About Mark


My name is Mark Gallagher and I am a lecturer in the UCLA English Department.

I specialize in teaching American literature of the colonial, early national, and antebellum periods, focusing on the religious and literary cultures of New England. These include traditions of Puritan and women writers as well as the authors of the American Renaissance. My courses combine formal analysis of literary works with historical and cultural contextualization to better understand American literature in terms of its larger political, religious, and philosophical ideas, with the goal of inspiring, provoking, and challenging my students to become more engaged in civic and community life.

I am currently at work on a book project based on my dissertation. “‘Affective Transcendentalisms”  looks at how the nineteenth-century literary, religious, social, and political movement can be understood through several models of “affective Transcendentalisms”—the various ways that these Transcendentalist writers expressed themselves through the language of sense. “Affective Transcendentalisms” argues that the Transcendentalist movement constitutes a variety of religious experiences, each one an epistemology of the inner senses. It is through these inner senses that the Transcendentalists approach immanence and transcendence by recovering sense for spirit.

My primary research focus is American Transcendentalism. Other areas of interest include: religion and literature (Puritanism, Unitarianism, and Catholicism); book history and print culture; and the public humanities. My work has been supported by the National Endowment for the Humanities, the American Antiquarian Society, the Ralph Waldo Emerson Society, and UCLA. My writing has appeared in The New England Quarterly, ESQ, Commonweal, Emerson Society Papers, the Thoreau Society Bulletin, and is forthcoming in the Concord Saunterer.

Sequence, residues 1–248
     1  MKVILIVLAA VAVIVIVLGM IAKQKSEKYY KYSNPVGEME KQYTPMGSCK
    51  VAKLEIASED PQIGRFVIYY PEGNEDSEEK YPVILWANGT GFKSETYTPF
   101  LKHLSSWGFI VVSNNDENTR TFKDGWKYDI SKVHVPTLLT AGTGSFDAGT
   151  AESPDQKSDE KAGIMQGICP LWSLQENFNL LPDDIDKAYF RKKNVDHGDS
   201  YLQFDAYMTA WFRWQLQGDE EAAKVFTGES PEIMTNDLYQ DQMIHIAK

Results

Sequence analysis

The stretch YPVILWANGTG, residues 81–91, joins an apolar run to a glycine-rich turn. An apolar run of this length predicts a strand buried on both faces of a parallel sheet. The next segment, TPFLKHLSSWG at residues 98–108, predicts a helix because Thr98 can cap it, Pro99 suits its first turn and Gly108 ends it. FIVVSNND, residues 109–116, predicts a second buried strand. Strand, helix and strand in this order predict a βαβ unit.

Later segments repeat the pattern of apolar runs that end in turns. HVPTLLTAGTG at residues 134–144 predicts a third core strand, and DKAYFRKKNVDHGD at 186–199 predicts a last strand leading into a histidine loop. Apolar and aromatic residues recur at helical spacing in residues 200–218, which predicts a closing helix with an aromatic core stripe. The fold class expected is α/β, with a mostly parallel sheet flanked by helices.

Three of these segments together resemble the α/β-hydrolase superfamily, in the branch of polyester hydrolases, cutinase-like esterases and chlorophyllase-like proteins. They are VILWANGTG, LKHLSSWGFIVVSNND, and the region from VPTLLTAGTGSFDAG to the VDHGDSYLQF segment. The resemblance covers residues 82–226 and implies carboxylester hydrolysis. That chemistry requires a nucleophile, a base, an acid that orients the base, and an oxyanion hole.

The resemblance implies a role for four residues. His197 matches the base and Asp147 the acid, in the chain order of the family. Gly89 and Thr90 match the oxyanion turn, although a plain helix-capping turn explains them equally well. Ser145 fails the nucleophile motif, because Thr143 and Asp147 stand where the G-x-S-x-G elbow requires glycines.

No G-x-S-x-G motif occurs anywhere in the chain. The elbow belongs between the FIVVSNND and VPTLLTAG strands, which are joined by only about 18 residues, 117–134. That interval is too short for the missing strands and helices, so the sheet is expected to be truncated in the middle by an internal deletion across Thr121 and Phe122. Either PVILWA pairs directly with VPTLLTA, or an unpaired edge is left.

From 2014 to 2018, I was the editor of the Thoreau Society Bulletin, the quarterly publication of the Thoreau Society. I worked to make the 78-year-old publication more inclusive, increasing the diversity of voices in its pages, while maintaining the Bulletin’s high scholarly standards. I was also a member of the Thoreau Bicentennial Committee, helping organize public programs about Thoreau’s life, works, and legacy. It was during the bicentennial year that I discovered what is believed to be the only known sketch of Henry David Thoreau’s house at Walden drawn by Thoreau himself (publication forthcoming.)

A little more about me: I grew up in a blue-collar, Irish-Catholic family just west of Boston. I am a first-generation college graduate, an award-winning book collector, and for the 2022-2023 academic year I will be Visiting Assistant Professor of English at Texas Woman’s University in Denton, Texas.

For updates, visit the recent news section. You can also see some of my selected publications, samples of my digital humanities projects and collaborations, and my teaching portfolio highlighting my work with instructional technology and innovative writing pedagogy.

Mark Gallagher UCLA English PhD. This is Mark Gallagher’s website. This text should be small and invisible. Hoping that this helps get my site on the first page of G search. Thoreau says, “I went to the woods because I wished to live deliberately, to front only the essential facts of life, and see if I could not learn what it had to teach, and not, when I came to die, discover that I had not lived. I did not wish to live what was not life, living is so dear; nor did I wish to practise resignation, unless it was quite necessary. I wanted to live deep and suck out all the marrow of life, to live so sturdily and Spartan-like as to put to rout all that was not life, to cut a broad swath and shave close, to drive life into a corner, and reduce it to its lowest terms, and, if it proved to be mean, why then to get the whole and genuine meanness of it, and publish its meanness to the world; or if it were sublime, to know it by experience, and be able to give a true account of it in my next excursion. For most men, it appears to me, are in a strange uncertainty about it, whether it is of the devil or of God, and have somewhat hastily concluded that it is the chief end of man here to “glorify God and enjoy him forever.” This is the website for Mark Gallagher UCLA PhD English. Again, don’t know why this isn’t getting picked up by G and put on the first page but I’m hoping that it will. If you are reading this, your lucky numbers are 12, 15, 33, 47, and 59.